(this post originally appeared September 11, 2013 on my Forest of Healing site.)
I’m an enormous fan of Brené Brown and I’ve been re-listening to the audio version of her book Daring Greatly every morning on my drive to work. If you’re not familiar, she’s a shame researcher who has found vulnerability to be an important component of shame resilience.
She makes the point – and I very much agree – that most people tend to think of vulnerability as a sign of weakness. However, life’s lessons have taught me that the opposite is true.
Being vulnerable can be one of the greatest acts of bravery.
A dear friend of mine recently suffered a tragic loss. I was heartbroken when I learned of her situation. But I noticed that almost immediately, she was reaching out to her people.
Posting snippets for her social media contacts, opening up to her blog readers.
Little by little she has begun to share her feelings and some insights. You would think that bearing witness to another person’s pain would be depressing. But it’s been the other way around, for me.
Of course I remain sad for her. But I am also inspired by her strength and feel a sense of hope as I notice her healing taking place.
While I have not suffered the same kind of tragedy as my friend, I have experienced great loss and deep despair. Shame and fear often causes us to hide our grief, to “spare other people,” to supposedly “preserve our dignity.”
But there is no dignity in suffering alone.
There is no pride to be found in holding our despair close. And sparing other people seems selfish when I think about the strong bonds a relationship can develop when people weather challenges together. I believe that un-shared and unresolved hurt grows like a tumor and eventually kills us.
Mustering the bravery to lay our vulnerability bare; to say: I’m not feeling strong… I’m a hot mess… this thing I’m going through is awful… gives the people who care about us an opportunity to help us heal.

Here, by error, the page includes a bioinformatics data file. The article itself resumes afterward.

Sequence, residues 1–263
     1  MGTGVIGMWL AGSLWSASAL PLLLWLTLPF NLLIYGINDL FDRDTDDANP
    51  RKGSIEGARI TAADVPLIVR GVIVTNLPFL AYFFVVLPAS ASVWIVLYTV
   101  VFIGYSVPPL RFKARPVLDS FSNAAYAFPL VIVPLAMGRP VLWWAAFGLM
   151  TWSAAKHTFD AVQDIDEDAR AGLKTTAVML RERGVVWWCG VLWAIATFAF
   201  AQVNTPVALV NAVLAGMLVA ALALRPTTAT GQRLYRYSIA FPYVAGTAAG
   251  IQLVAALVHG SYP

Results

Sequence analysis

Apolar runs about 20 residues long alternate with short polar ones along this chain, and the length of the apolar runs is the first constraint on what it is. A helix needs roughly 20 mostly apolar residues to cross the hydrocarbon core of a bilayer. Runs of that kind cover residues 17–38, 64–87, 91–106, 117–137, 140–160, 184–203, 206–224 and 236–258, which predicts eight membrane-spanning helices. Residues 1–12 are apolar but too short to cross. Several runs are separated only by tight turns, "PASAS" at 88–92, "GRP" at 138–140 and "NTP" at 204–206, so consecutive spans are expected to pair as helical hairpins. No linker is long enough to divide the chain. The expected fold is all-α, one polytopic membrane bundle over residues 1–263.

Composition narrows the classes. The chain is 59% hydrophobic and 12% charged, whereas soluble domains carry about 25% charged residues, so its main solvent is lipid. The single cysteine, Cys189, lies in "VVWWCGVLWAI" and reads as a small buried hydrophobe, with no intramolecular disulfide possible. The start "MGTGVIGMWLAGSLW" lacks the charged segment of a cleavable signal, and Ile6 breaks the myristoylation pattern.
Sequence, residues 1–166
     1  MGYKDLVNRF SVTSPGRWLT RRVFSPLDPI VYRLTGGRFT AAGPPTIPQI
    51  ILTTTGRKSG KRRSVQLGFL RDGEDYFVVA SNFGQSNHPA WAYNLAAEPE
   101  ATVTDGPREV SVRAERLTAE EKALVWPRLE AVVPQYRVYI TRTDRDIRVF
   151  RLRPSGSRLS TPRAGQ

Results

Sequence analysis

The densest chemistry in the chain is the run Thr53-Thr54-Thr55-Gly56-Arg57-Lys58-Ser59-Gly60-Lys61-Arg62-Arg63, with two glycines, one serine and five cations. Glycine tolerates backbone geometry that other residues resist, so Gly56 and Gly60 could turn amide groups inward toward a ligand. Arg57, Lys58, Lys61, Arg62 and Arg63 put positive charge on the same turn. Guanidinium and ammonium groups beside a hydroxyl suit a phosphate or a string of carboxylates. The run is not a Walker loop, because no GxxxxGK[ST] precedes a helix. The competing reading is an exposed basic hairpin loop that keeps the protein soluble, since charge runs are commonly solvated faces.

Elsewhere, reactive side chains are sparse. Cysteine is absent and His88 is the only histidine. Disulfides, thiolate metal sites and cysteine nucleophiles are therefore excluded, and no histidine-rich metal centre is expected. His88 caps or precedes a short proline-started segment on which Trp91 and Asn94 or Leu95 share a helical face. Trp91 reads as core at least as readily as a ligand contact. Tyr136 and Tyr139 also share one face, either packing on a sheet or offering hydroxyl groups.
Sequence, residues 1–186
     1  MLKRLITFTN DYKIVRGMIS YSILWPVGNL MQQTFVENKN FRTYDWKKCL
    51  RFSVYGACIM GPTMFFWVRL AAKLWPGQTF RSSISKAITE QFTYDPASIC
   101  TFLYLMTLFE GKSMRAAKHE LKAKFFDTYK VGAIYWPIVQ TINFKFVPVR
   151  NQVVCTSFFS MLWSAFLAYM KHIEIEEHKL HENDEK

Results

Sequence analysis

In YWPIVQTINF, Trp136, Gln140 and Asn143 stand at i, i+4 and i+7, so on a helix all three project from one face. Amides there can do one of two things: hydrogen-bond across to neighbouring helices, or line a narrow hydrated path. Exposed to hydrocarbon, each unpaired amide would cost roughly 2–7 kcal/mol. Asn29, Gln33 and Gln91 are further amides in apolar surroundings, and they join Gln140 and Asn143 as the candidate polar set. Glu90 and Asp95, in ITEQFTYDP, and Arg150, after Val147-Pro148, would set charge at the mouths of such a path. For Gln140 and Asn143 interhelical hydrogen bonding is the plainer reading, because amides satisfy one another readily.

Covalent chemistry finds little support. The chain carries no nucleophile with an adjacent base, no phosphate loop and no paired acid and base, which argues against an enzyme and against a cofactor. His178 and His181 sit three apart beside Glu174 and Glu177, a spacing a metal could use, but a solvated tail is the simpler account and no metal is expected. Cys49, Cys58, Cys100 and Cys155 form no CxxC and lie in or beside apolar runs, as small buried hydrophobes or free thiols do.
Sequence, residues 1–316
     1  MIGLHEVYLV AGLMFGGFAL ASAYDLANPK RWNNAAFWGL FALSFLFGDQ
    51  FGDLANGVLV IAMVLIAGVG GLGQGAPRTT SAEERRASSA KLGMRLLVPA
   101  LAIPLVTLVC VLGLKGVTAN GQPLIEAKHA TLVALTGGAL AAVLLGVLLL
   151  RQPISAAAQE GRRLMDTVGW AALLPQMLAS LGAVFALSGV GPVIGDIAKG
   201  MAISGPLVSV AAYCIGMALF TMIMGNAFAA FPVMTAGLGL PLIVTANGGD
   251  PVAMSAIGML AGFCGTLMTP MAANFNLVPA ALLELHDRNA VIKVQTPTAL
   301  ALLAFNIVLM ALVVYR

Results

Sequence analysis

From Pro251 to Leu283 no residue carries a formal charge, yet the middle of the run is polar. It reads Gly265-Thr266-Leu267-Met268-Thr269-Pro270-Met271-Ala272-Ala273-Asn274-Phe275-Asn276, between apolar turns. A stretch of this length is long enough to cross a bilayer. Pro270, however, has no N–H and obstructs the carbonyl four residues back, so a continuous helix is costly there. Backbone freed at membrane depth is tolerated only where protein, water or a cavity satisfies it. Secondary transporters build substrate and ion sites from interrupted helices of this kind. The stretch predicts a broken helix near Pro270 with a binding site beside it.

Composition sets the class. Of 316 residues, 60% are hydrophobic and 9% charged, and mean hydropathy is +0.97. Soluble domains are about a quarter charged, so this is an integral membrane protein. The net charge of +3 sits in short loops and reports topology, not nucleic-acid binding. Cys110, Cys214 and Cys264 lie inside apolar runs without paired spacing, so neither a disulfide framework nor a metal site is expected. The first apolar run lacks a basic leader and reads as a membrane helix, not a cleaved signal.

We all win when we create healing connections.
It’s important to know that vulnerability doesn’t absolve us of having to work at it. We have to do the work of healing too. And it doesn’t mean dumping on other people as a way of lightening our load.
Vulnerability is a sign that we have chosen ourselves.
By choosing ourselves, we are putting stock in our ability to survive. Instead of shielding ourselves and quietly suffering to our grave.
Author and poet, Charles Bukowski, wrote:
Nobody can save you but yourself. You will be put again and again into nearly impossible situations. They will att
empt again and again through subterfuge, guise, and force to make you submit, quit and/or die quietly inside. But don’t, don’t, don’t. It’s a war not easily won, but if anything is worth winning then this is it. Nobody can save you but yourself, and you’re worth saving.
It’s far from easy but I think vulnerability is an ingenious way of pulling yourself out of heartbreak and despair. Is that lifesaving? You bet it is.
What do you think about this? Do you agree with me? Do you find it possible or impossible to open yourself to vulnerability?
From my heart to yours,